The Carolina Indian Circle held a talking circle titled “My Culture is Not a Costume" Tuesday. Student attendees discussed stereotypes and cultural appropriation in costumes ahead of Halloween.
The talking circle was intended to be a sacred space where students felt comfortable discussing their thoughts on the appropriation of Native American culture in Halloween costumes and in general, said Lydia-Ruth Mansfield, a first-year who belongs to the Lumbee Tribe, said.
People often wear costumes like Pocahontas, or those that focus on sports teams with Native American mascots, during Halloween. Mansfield said the CIC aims to make the Native American students’ presence on campus known and provide support to students who might be concerned about the portrayal of their culture on Halloween.
At the start of the talking circle, students watched two videos — one by UNC students presenting on Native American issues and the other from PragerU, in which a white man wore stereotypical Native American attire to a college campus.
Students then told stories of their own encounters with people wearing offensive costumes, with many of them referencing Halloween on Franklin Street.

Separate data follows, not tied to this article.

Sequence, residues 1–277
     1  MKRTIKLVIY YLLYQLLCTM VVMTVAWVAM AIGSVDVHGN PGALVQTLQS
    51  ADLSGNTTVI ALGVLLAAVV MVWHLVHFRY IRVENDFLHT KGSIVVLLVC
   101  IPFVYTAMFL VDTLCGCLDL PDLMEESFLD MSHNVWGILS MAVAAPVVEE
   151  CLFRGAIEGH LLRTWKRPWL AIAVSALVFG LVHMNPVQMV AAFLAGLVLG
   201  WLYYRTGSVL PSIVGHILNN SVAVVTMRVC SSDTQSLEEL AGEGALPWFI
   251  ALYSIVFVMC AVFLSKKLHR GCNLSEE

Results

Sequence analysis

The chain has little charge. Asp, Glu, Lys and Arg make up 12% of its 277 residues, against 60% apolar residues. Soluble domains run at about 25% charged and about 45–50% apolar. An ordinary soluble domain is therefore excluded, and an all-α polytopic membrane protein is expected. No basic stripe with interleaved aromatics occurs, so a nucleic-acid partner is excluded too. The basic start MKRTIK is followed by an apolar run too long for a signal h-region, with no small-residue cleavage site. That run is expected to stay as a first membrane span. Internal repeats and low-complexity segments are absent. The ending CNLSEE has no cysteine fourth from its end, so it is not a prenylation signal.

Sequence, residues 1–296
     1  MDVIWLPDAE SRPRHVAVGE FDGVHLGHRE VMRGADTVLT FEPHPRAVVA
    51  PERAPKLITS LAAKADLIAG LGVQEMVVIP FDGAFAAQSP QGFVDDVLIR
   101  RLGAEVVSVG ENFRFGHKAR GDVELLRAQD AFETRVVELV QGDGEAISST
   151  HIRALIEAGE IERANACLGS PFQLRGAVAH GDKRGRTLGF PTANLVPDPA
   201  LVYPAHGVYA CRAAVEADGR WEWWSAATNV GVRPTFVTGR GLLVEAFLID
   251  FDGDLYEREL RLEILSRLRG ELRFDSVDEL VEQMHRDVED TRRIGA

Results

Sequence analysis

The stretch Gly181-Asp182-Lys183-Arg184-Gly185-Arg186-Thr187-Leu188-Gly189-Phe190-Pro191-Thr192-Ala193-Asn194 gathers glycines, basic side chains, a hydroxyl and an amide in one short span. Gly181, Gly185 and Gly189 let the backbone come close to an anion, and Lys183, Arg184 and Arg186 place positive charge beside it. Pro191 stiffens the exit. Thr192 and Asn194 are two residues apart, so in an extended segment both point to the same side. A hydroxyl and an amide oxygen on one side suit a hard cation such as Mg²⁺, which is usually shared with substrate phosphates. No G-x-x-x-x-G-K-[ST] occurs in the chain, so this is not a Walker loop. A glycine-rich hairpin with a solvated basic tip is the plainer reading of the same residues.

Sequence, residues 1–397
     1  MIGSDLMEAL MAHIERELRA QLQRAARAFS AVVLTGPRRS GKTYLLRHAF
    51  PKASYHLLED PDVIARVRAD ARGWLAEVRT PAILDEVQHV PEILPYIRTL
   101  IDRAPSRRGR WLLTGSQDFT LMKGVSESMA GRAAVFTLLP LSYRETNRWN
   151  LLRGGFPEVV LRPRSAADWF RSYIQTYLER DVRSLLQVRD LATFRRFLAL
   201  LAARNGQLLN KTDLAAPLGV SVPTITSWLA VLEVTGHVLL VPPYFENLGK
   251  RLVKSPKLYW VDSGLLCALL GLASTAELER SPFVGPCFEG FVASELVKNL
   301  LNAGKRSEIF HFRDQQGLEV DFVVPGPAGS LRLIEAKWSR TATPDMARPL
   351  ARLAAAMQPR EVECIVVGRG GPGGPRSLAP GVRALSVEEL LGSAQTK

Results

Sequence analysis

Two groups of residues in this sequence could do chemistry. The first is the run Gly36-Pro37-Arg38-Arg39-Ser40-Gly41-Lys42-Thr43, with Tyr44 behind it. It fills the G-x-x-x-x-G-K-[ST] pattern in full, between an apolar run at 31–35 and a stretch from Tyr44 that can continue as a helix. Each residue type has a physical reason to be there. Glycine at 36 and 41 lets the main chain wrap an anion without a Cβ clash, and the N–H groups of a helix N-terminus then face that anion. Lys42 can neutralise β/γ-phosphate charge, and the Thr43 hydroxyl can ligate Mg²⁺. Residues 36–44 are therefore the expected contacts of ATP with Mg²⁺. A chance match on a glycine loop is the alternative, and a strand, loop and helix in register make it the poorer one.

CIC president AJ Hunt-Briggs, a senior who belongs to the Lumbee Tribe, described a past personal experience from Franklin Street Halloween.
“I had to use both hands to count the amount of Native American costumes I saw,” Hunt-Briggs said.
The attendees, when asked what they would say if confronted with someone wearing an offensive outfit, said they'd mainly ask, “Why?”
“It’s 2021 — why are we still doing this?” Jalyn Oxendine, a first-year who belongs to the Lumbee and Tuscarora tribes, said.
Those at the event said they'd heard different excuses from white people who wore Native American costumes — such as the costumes are historical figures, that they are “honorary” Native Americans or that it’s OK because Pocahontas is a Disney character. Attendees emphasized that it is never OK to use someone else’s culture as a costume.
They said the burden of educating white students who dress in offensive costumes always falls on them.
“I feel like Native people are always asked to explain why it’s offensive, and it's exhausting,” Hunt-Briggs said.
The appropriation of Native American culture every year on Halloween, attendees said, takes a toll on Native American students who feel their cultural identity is being stolen and mocked.
“They can take off the headdress, they can take off the face paint," Oxendine said. "We can't do that. Every day, we are Native."
Many discussed how vital it is to establish safe spaces for Native American students on campuses and left Tuesday’s talking circle with a sense of shared experience.
“The notion that I'm not alone and I have a community behind me," said Juanita Paz-Chalacha, a junior anthropology and American Indian and Indigenous studies major who belongs to the EBCI Eastern Band Cherokee Tribe.
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